Art & Museums

Noteworthy Art Books of 2020 for Adults and Kids

While the art scene in Chicago and other major cities closed its doors for most of 2020, numerous art books continued to be published. Here’s a list of 10 must-see art and photography books published this year. These books are a great way to provide an art fix if you miss visiting museums and galleries.

This list can also act as a helpful holiday gift guide if you seek to buy a gift for the art lover in your life. Also included in this list are three books for kids that integrate a playful and educational approach to art. Please note, this is a short list at best and doesn’t include other excellent books on art published this year. The following books are not listed in any order of preference. They are all available at various bookstores and online bookseller sites.

Art Books for Adults

Art = Discovering Infinite Connections in Art History from The Metropolitan Museum of Art
by The Metropolitan Museum of Art

Art Discovering Infinite Connections in Art History from The Metropolitan Museum of Art coverDiscover 6,000 years of art history through 860 works from The Metropolitan Museum of Art. Utilizing analytics from The Met’s online Heilbrunn Timeline of Art History, this book offers fresh, unconventional ways for readers to engage with visual culture. Besides a wealth of illustrations, there are more than 160 curatorial essays to place the works in a wider historical and cultural context. Art = Discovering Infinite Connections in Art History offers a new approach to exploring art history, presented through the lens of one of the world’s leading art museums. An essential reference book for everyone interested in fine art, archaeology, anthropology, fashion, design, and photography.

50 Artists: Highlights of The Broad Collection
by Joanne Heyler, Jeff Chang, Roxane Gay, Sarah Loyer, Norman Rosenthal and Ed Schad

50 Artists Highlights of The Broad Collection coverOver the last 50 years, art patrons Eli and Edythe Broad fostered public appreciation of postwar and contemporary art by making their collection accessible to other institutions around the world. The Broads’ permanent collection includes works from artists such as Jean-Michel Basquiat, Jeff Koons, Damien Hirst, Barbara Kruger, Roy Lichtenstein, Julie Mehretu, Cindy Sherman and Andy Warhol, among others. Now, for the first time, highlights of their collection can be seen in book format. In this book, writers and curators give an overview of the very best of the Broads’ vast collection, which helps to enrich our understanding of contemporary art.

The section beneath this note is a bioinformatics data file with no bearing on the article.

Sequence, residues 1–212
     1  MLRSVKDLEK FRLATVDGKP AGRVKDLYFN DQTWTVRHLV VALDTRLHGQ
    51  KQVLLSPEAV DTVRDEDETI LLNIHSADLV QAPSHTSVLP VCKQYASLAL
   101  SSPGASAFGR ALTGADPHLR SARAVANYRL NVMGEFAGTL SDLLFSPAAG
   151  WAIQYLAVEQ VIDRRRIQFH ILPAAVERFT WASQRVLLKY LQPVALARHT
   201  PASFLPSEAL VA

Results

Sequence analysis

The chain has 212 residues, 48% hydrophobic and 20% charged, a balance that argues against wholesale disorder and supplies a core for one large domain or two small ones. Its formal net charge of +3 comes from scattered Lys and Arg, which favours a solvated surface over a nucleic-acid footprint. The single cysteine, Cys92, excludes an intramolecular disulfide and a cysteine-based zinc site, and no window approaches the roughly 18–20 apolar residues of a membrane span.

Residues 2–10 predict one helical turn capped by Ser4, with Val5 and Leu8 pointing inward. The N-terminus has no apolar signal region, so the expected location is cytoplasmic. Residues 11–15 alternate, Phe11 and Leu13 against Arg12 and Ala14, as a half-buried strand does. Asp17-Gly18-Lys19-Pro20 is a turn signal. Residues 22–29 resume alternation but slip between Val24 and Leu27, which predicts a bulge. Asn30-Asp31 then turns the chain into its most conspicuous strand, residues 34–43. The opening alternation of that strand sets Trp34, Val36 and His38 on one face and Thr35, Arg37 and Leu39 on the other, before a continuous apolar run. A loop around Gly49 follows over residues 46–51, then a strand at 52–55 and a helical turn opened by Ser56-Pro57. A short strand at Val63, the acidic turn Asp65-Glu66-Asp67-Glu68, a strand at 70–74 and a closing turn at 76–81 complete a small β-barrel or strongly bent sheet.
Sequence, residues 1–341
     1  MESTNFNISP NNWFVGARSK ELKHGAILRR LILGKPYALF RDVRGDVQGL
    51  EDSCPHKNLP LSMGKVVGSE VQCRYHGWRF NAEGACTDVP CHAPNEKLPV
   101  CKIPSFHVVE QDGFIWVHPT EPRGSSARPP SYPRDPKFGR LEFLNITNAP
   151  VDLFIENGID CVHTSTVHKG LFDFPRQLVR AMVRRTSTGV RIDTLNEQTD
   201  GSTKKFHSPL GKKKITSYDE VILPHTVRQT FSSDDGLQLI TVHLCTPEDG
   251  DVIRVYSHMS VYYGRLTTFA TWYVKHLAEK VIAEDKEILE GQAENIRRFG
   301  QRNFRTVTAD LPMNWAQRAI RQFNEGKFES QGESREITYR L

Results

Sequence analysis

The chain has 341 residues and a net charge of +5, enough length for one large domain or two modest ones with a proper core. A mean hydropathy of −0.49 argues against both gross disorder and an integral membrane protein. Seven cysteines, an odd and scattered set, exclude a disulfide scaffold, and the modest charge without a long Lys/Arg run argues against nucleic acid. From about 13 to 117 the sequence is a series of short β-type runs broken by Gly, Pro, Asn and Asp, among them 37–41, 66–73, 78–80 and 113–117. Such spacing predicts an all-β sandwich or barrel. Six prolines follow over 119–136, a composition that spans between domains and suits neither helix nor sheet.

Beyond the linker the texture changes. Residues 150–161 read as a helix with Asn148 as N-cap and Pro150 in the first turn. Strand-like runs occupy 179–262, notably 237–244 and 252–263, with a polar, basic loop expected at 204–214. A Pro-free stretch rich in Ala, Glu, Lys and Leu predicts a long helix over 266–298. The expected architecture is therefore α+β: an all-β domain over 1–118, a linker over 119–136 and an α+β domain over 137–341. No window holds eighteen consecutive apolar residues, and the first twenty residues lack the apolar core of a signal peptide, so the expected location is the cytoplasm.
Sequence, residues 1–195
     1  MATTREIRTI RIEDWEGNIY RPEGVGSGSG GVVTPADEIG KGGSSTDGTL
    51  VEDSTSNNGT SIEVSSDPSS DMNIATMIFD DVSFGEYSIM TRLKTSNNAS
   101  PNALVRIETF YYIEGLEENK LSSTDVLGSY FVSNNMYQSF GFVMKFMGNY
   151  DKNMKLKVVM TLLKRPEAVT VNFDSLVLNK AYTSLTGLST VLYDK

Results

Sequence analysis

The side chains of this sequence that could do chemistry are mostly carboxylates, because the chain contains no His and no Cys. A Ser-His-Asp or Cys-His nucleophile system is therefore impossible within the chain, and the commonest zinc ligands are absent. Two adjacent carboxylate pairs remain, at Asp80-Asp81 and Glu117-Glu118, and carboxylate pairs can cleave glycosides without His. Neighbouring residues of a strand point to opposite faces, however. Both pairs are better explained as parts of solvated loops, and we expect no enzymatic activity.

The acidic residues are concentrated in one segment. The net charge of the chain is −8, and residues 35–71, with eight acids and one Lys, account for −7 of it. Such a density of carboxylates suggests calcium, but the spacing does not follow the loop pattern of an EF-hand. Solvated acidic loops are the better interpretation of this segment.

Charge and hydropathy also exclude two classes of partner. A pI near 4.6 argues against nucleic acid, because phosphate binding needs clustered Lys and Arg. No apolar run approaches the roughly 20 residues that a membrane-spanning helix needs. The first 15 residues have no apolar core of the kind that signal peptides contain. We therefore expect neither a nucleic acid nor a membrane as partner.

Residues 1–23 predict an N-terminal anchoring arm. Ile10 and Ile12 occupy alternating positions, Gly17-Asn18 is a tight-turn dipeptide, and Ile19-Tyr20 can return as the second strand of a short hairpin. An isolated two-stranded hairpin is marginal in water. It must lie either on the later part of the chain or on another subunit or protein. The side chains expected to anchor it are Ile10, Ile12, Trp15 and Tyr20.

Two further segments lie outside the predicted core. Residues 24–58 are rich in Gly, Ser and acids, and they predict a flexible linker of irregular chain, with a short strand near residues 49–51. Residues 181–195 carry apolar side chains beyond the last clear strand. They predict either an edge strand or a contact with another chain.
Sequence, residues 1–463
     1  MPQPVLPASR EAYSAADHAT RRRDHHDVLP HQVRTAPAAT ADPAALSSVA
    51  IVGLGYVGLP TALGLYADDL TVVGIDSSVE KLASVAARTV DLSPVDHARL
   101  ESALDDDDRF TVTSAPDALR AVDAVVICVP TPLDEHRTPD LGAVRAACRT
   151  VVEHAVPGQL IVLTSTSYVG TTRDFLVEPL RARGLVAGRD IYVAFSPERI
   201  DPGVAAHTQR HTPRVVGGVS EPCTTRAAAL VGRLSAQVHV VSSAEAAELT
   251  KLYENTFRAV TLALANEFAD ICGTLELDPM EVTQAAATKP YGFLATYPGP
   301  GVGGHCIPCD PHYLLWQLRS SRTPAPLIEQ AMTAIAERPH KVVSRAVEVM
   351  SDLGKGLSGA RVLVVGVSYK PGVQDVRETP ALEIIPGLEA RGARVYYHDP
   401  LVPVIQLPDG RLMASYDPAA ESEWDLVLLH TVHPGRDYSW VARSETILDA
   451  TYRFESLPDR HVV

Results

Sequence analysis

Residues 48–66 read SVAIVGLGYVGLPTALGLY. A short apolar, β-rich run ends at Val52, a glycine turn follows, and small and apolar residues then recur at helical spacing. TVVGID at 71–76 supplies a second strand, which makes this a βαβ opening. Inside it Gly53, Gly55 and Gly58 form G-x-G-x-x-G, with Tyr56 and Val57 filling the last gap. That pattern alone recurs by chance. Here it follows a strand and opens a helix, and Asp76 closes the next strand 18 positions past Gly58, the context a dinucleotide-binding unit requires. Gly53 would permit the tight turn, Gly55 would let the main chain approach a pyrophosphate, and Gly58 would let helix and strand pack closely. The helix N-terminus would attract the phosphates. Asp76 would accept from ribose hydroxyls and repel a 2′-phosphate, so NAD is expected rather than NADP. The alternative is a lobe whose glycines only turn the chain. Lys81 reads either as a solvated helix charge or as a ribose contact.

Godlis Streets
by David Godlis (Photographer), Chris Stein (Afterword) and Luc Sante (Foreword)

This book presents David Godlis’ best street photography from the 70s and 80s, celebrating scenes from New York’s past. For some 40 years, Godlis’ photography has been inspired by walking the streets of New York and shooting whatever catches his eye, from midnight diner patrons to commuters rushing to a subway station. Godlis is also famous for his photos of New York City’s punk scene in the 70s, capturing images of the Ramones, Patti Smith, and Blondie, as well as candid shots of club-goers at CBGB. The book is introduced with an essay by cultural critic Luc Sante and closes with an afterword by Blondie cofounder and guitarist Chris Stein.

Women Artists A to Z
by Melanie LaBarge (author) and Caroline Corrigan (illustrator)

This beautiful picture book features a diverse group of women artists—some famous and others under-represented in the art world. There is also diverse range in the art mediums—painting, drawing, sculpture and photography. Each spread features a simple line of text encapsulating the creator’s iconic work in one word, such as “D is for Dots” (Yayoi Kusama) and “S is for Spider” (Louise Bourgeois), followed by slightly longer text about the artist. This book also includes photos, biographies, and discussion questions. Some of the artists featured include: Georgia O’Keeffe, Frida Kahlo, Yayoi Kusama, Dorothea Lange, and Hilma af Klint.


Horace Pippin, American Modern

by Anne Monahan